Editorial posted 3/2/13 – I want to congratulate two groups of people today, for doing a great thing that shows just how much humans can accomplish when they put their minds to it. But maybe that’s wrong. Actually, they showed us what can be accomplished when a group of people put their HEARTS to it.
A group of mostly young adults, late teens to early twenties, put together an event to honor their friend John Peters, who passed away unexpectedly last Sunday. In just a matter of four days, they created an event that rivaled in its success many of the fundraisers that are put on in this town by organizations that have put months into their planning, relying on the years of experience the organizers have in putting on that particular event and many others, experience that most of these young folks lacked.
The Red Shirts (I’m going to call them that because the workers at last night’s event wore red shirts with the image of their friend on the front, with the words “John Peters has a posse” on them) gathered together, many of them at first in the waiting room of the hospital, and later at Bean Town, where John worked. John had been a barista at Bean Town for two years, and Bean Town closed when they received word of his death, for nearly two days. Well, closed to the public, because Bean Town’s owner Matt Krantz opened the doors, overnight even, to his employee’s friends allowing them a place to gather and mourn together, remember together, try to understand together, cope with their loss together, and celebrate a life together.
And from that gathering of friends, came the genesis of a plan. Knowing that John’s family was suffering the kind of loss that no family wants to experience, they wondered how they might relieve some of that suffering. Funerals are quite expensive, and it was decided that maybe they could help the family by relieving some of the financial pressure that comes with unanticipated death.
The group sprang into action. “Bean Town, Friday night” came the word. Drawing on the power of social media, a Facebook page was created, which helped to get the word out that “John Peters, beloved son, brother, and friend passed away tragically on February 24th. His joy and kindness made a tremendous impact on all of those around him and he will be sadly missed. We will be having a benefit this Friday night, March 1, at Bean Town in Sierra Madre to help John’s family with expenses relating to his tragic passing.”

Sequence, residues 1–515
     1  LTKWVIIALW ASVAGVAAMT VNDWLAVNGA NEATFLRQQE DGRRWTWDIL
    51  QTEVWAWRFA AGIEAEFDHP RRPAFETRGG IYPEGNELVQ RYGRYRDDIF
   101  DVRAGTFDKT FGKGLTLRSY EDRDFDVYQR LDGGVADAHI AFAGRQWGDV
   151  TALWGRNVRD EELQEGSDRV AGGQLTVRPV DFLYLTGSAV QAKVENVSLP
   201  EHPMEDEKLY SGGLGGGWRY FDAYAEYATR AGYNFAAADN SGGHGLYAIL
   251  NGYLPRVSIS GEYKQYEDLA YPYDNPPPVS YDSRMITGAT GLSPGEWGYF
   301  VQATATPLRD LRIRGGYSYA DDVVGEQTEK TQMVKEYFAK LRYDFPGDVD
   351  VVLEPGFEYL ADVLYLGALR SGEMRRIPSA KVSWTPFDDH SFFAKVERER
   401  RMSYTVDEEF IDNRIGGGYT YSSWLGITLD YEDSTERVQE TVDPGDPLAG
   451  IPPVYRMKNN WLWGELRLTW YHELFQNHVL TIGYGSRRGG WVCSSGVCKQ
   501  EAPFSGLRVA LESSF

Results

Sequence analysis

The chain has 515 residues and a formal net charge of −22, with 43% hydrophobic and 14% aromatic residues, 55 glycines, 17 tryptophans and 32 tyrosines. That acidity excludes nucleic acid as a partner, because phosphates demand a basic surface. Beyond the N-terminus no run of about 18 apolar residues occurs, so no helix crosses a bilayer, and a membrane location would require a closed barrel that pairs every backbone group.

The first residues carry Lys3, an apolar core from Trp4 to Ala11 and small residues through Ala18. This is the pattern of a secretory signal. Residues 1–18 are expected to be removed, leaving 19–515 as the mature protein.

The Red Shirts worked tirelessly late into the night, and were back at it early the next morning, for four days, planning a tribute befitting the man who’s joy and kindness made a tremendous impact on them, in the hopes that they might, in return, positively impact his grieving family.
Before long, more than thirteen hundred Facebook event invitations had gone out. Flyers and posters were designed, printed and posted in local stores. Articles appeared in both online and print media, not only inviting people to attend, but asking for donations for a silent auction to help with raising the funds.
And that brings us to the second group of folks that I want to congratulate. That is the folks of the Bean Town and Sierra Madre community, and the friends and family of those folks who heard about the cause and contributed. Well over one hundred auction items were donated, ranging from handmade scarves and jewelry, to Dodgers, Ducks, and Laker tickets, to a five night stay at a mountain cabin in Mammoth. Many of the items were works of art, created by local artists. A local party rental business donated a huge tent to cover the parking lot, ensuring the event could be staged come rain or come shine. The company with the City’s waste contract donated boxes for the trash, and port-a-potties so that the anticipated crowd wouldn’t all be sharing the one facility in the store. Musicians provided live entertainment at no cost, using sound equipment provided and serviced at no cost.
But perhaps the largest contributions came from the people who attended. Of the 1,300+ Facebook invitees, more than 200 responded that they would be attending, but the crowd at Bean Town far surpassed that. And despite the fact that the gathering was taking place because of a tragic event, the feeling of the crowd was anything but mournful. They knew they were gathered to do something good, to honor someone good. At one point during the night, a member of the local law enforcement’s employee association dropped by and wrote a substantial check, not as a bid on an auction item, but just to contribute. The Mammoth trip was bid up to several hundred dollars. Many people dropped money in the contribution boxes being carried around by the Red Shirts.